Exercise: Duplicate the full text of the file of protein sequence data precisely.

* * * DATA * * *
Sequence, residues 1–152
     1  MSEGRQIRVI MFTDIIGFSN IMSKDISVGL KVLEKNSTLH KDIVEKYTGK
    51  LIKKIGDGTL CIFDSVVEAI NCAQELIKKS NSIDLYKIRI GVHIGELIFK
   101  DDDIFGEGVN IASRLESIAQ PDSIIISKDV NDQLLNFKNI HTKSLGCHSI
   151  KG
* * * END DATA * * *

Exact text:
Sequence, residues 1–152
     1  MSEGRQIRVI MFTDIIGFSN IMSKDISVGL KVLEKNSTLH KDIVEKYTGK
    51  LIKKIGDGTL CIFDSVVEAI NCAQELIKKS NSIDLYKIRI GVHIGELIFK
   101  DDDIFGEGVN IASRLESIAQ PDSIIISKDV NDQLLNFKNI HTKSLGCHSI
   151  KG